Wednesday, March 20, 2019

Giant of American Journalism Walter Lippmann Looks At Fake News

Lippman has been called the "Father of Modern Journalism." He knew his trade.
First up The Nation, December 13, 2007:

Lippmann and the News

In the early 1900s Walter Lippman laid the groundrules for public debate in America. Have the US media followed his prescriptions?
The “present crisis of western democracy,” the 30-year-old Walter Lippmann announced in 1920, “is a crisis in journalism.” A co-founder of The New Republic in 1914, a Wilson Administration confidant and Army captain with responsibility for propaganda in Europe during World War I, Lippmann spoke with authority. And originality. His view of the crisis was an unhappy one because, as he went on to argue in Liberty and the News, which was recently reissued as a slim and attractive paperback, journalism could never–unaided–provide an accurate account of reality for purposes of democratic self-government. But whereas other critics of wartime news coverage sought a journalism not beholden to advertisers or governments, Lippmann saw the core of journalism’s corruption elsewhere–in its own smug assurance of knowledge and its eagerness to assert opinion rather than provide facts. Even so, Lippmann offered suggestions for what editors and reporters could do better. He urged them to commit themselves to the cardinal virtue of “truthful reporting” and recognize that opinionmongering, or what polite society might call “edification,” cannot become a “higher law than truth.” In fact, he wrote, “There can be no higher law in journalism than to tell the truth and shame the devil.”

The “crisis” Lippmann detected in both democracy and journalism arises because the sheer volume of political affairs in an interconnected national and global world–the assassination of the Archduke Ferdinand in the capital of a small Slavic country, after all, had drawn American farmboys into a world war–surpasses the capacity of even the most conscientious citizens to monitor. “I know of no man, even among those who devote all of their time to watching public affairs, who can even pretend to keep track, at the same time, of his city government, his state government, Congress, the departments, the industrial situation, and the rest of the world,” he wrote. We depend on the press in our attempts to make sense of politics–and we are vulnerable to its weaknesses: “If I lie in a lawsuit involving the fate of my neighbor’s cow, I can go to jail. But if I lie to a million readers in a matter involving war and peace, I can lie my head off, and, if I choose the right series of lies, be entirely irresponsible.”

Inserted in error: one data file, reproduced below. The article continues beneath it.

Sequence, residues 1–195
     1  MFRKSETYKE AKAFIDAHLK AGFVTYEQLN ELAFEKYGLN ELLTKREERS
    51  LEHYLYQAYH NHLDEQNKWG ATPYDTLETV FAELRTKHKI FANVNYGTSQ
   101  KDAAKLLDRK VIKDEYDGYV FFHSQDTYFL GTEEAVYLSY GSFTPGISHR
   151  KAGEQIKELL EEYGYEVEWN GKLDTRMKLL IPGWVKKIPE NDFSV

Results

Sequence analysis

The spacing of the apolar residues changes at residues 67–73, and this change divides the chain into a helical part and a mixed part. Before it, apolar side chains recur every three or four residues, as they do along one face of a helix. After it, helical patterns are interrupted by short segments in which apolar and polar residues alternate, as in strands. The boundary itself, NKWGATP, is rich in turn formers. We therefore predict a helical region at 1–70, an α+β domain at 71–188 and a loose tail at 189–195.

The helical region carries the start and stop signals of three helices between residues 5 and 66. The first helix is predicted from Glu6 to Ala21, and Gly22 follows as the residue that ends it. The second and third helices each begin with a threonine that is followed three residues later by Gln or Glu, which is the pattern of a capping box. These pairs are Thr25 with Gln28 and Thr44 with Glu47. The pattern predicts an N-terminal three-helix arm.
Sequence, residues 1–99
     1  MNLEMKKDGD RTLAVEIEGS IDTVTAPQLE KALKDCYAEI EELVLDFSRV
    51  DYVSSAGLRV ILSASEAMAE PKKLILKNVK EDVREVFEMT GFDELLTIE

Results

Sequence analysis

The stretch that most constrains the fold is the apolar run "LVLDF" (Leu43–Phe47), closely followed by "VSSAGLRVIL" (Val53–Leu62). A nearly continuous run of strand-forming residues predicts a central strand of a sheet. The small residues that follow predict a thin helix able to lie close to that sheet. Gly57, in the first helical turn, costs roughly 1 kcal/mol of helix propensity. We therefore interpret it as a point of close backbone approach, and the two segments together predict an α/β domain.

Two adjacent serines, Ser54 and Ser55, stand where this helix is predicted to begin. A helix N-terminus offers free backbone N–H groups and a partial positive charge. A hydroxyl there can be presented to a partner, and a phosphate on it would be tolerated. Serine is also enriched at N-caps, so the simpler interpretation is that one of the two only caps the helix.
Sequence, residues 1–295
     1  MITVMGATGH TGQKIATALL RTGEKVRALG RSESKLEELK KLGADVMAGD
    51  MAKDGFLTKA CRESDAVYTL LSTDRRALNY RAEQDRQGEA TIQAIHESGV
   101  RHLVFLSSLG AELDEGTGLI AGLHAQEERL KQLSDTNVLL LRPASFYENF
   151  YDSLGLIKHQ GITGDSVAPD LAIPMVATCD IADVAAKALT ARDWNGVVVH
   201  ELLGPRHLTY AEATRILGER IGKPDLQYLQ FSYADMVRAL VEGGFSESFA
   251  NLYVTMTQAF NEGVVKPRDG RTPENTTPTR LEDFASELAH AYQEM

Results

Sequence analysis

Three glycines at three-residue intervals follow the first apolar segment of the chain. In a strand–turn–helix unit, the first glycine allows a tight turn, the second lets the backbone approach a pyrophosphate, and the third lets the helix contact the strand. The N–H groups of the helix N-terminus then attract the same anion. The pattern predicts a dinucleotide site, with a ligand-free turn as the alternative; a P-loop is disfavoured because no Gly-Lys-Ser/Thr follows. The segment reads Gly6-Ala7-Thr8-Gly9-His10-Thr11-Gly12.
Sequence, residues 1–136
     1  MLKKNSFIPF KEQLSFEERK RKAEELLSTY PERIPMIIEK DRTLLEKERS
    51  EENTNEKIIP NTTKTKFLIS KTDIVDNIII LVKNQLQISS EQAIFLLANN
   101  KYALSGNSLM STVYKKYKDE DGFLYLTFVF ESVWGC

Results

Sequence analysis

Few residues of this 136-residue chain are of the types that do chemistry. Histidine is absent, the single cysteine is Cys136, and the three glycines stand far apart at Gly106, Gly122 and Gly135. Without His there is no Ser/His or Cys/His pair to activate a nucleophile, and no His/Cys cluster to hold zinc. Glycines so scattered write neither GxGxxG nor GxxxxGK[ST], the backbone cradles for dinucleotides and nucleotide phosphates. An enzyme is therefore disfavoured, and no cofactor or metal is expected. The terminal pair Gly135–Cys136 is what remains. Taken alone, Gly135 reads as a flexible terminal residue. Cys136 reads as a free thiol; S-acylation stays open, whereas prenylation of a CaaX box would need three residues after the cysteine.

For Lippmann, veracity is not easy to attain, nor is its enemy in journalism primarily or necessarily a matter of government pressure or corporate ownership. The same year he published Liberty and the News, Lippmann, assisted by fellow New Republic editor Charles Merz, published a forty-two-page supplement to the August 4 issue of The New Republic called “A Test of the News,” which dissected the New York Times‘s coverage of the Russian Revolution. Lippmann and Merz concluded that the coverage was vastly distorted, most of all by the hopes and fears of reporters and editors themselves, who saw in the Bolsheviks what they wanted to see. The Times assured readers on ninety-one occasions that the revolutionary regime was near collapse...MUCH MORE
Lippmann died in 1974 so he was able to see the New York Times' Walter Duranty win the Pulitzer in 1932 for his lies about Stalin's deliberate starvation of millions of people in Ukraine during the 1932 -1933 Holodomor. See after the jumps if interested.

Lippmann himself won two Pulitzers.

Here's the report at the Internet Archive:

A Supplement to The New Republic of August 4th 1920 Vol. XXIII. PART II. No. 296
A Test of the News - by Charles Merz and Walter Lippmann
Publication date
Collection opensource
Language English
From Wikipedia's page:

A Test of the News is a 1920 study done by Walter Lippmann, a US journalist, and Charles Merz, later editorial page editor of the New York Times.
They examined press coverage of the Bolshevik revolution for a
three-year period beginning with the overthrow of the Tsar in February
1917. They used the New York Times as their source because of its reputation for accurate reporting.

Their study came out as a forty two page supplement to the New Republic
in August 1920 and demonstrated that the Times' coverage was neither
unbiased nor accurate. They concluded that the paper's news stories were
not based on facts, but were "dominated by the hopes of the men who
composed the news organizations." The paper cited events that did not
happen, atrocities that never took place, and reported no fewer than
ninety-one times that the Bolshevik regime was on the verge of collapse.
"The news about Russia is a case of seeing not what was, but what men
wished to see," Lippmann and Merz charged. "The chief censor and the
chief propagandist were hope and fear in the minds of reporters and
Also in HTML, Kindle, PDF etc.
48 page PDF

And via Scribd:

Regarding Duranty, 
Both the NYT and the Pulitzer peeps have felt the need to explain the award. Neither have disavowed the tchotchke:
New York Times Statement About 1932 Pulitzer Prize Awarded to ...